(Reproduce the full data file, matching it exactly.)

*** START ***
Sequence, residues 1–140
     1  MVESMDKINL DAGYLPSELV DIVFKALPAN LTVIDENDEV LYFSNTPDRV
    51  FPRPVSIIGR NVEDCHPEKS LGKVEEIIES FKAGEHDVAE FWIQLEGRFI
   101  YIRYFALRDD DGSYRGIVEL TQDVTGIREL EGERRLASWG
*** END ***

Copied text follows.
Sequence, residues 1–140
     1  MVESMDKINL DAGYLPSELV DIVFKALPAN LTVIDENDEV LYFSNTPDRV
    51  FPRPVSIIGR NVEDCHPEKS LGKVEEIIES FKAGEHDVAE FWIQLEGRFI
   101  YIRYFALRDD DGSYRGIVEL TQDVTGIREL EGERRLASWG